This post was written a couple of days before the sad news of George Cole’s death. I hope this is a fitting tribute to the actor and his greatest character…
There are few people whose names enter the lexicon of a language. If you hate the thought of spending money you’re a Scrooge. Block progress with bureaucratic excuses; be prepared to be called Sir Humphrey. And if you like to do a bit of crooked wheeler dealing, you’re an Arthur Daley.
In 1979, riding on the success of The Sweeney, Dennis Waterman was given his own television programme: Minder. He was to play the role of Terry McCann, a former guest of Her Majesty’s prison service, McCann leaves gaol and becomes an associate of local businessman Arthur Daley. However, the series didn’t quite go in the direction the producers had planned.
Arthur Daley was played by veteran British actor George Cole, who made a living from portraying shifty characters, always on the fiddle or up to no good. Prior to Minder, Cole was probably best known for playing Flash Harry in the original St. Trinian’s films. The call would go out from a dormitory window and Flash Harry would emerge from the perimeter bushes, collar up, trilby down, and scuttle across the school lawns to the music of ‘Let’s All Go Down the Strand (‘Ave a Banana) played on a barrel organ!
And he played the part so well. The mannerisms, the talk, the wink in the eye and doff of the cap. Cole could have been a con in real life, he had the image down to a tee. The first series of Minder centred around stories involving McCann and utilised Waterman’s hard image carried over from The Sweeney. But Arthur’s character caught the public imagination and from series two onwards the stories involved McCann being dragged into or along by yet another of Arthur’s dodgy scams.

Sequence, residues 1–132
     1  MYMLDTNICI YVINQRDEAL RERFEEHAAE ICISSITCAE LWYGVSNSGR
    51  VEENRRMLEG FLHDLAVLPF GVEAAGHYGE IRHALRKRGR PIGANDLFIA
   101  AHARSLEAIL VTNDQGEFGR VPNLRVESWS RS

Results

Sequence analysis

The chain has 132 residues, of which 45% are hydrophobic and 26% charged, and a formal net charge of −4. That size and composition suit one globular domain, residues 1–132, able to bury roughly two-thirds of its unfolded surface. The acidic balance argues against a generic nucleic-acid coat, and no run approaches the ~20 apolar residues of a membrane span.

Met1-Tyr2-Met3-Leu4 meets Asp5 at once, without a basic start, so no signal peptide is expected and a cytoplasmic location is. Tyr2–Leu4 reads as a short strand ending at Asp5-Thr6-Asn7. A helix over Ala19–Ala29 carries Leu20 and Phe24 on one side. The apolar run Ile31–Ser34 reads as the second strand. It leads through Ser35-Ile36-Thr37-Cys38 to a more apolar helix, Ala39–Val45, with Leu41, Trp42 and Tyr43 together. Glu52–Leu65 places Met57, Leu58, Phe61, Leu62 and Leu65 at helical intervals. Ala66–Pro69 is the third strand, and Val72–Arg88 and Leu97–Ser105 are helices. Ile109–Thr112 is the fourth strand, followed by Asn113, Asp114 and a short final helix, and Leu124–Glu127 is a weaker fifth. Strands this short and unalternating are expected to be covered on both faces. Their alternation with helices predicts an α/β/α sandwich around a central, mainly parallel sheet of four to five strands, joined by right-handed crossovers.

On the way down to Brighton on the train, Arthur reminisces about the Brighton Belle and its passenger list of the great and good travelling up to London from the coast. He looks at McCann with his usual disdain and says, “You wouldn’t catch Gielgud sitting there shoving an individual fruit pie into his north and south.”
Cole was born in 1925 and given up for adoption. His success as an actor may never have happened if he hadn’t been taken in by the British actor Alastair Sim of all people. Sim showed him the ropes and helped him in his early acting career. After a stint in the Royal Air Force, Cole’s career took off and by a circuitous route arrived at Thames Television in 1979 where he went on to play Arthur Daley for the next fifteen years.
Some might say Cole was typecast, that the character of Arthur Daley engulfed the actor George Cole, but Cole never complained, never came across as the pained actor undervalued by an ignorant public: a torment endured by the likes of Tony Hancock and Kenneth Williams. Or maybe, like Michael Caine, Cole saw acting as nothing more than a nice little earner, a few sovs in the pocket and money to keep ‘Er Indoors happy.
As enduring as summer, Arthur Daley’s words will persist. But don’t take my word for it. Have a look at the man in action.
RIP George Cole. 1925 – 2015